By Patrick C. McIntyre, CSU Energy Coordinator
Beginning with the invention of the Edison lightbulb in 1879, electric linemen have kept the nation energized. Today, more than 115,000 linemen and women install and maintain the nation’s nine million miles of electric grid to meet our power needs.
The City of College Station and the U.S. Congress are recognizing Saturday as National Lineman Appreciation Day to honor the hard-working folks who protect public safety and keep our power on. Linemen rarely get the recognition they deserve for working all hours of the day and night — often in hazardous conditions — and going above and beyond to maintain and restore our power.
Linemen are part of the first responder community, which means trouble calls usually come at night in all types of conditions and weather. Police officers, firefighters and paramedics can usually see the emergency issues they face, but electricity is invisible, which can create extremely hazardous environments during storms and other events. Most of our trouble calls are handled by two-person crews, but for bigger events, it’s all hands on deck.
Unlike most occupations, linemen spend a large part of their working lives high above the ground to maintain our electrical infrastructure such as power lines and poles. Fortunately, College Station is committed to the reliability of underground utility construction, and more than 50 percent of our electric grid is underground.
Our electric personnel are required to be knowledgeable in both overheard and underground electrical systems and work with a voltage range as high as 138,000 volts down to the standard 120 volts you use at home.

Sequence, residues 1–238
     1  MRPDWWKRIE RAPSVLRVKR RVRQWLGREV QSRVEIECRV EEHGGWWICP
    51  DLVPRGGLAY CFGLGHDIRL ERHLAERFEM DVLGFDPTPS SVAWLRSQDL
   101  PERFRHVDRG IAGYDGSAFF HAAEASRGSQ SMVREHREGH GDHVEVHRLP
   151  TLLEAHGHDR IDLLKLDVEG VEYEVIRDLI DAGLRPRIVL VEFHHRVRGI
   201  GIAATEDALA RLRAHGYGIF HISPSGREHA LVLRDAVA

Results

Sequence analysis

When you consider all these factors, it’s easy to understand why the U.S. Bureau of Labor Statistics rates being an electric lineman as one of the country’s 10 most dangerous occupations. This infographic illustrates some of the finer points of the job:
If you get a chance, take time to thank a lineman for the hard work, courage, dedication and innovation they bring to their jobs every day.
Twitter Hashtag: #thankalineman
About Patrick: Patrick C. McIntyre is energy coordinator for College Station Utilities and is responsible for the energy conservation and key accounts programs. Pat joined CSU as a key accounts representative in 2009. He previously worked for 17 years in the manufacturing sector and eight years as a consultant with the Texas Engineering Extension Service. Pat graduated from Texas A&M in 1982 with B.S. in Industrial Distribution and has lived in the area since 1984.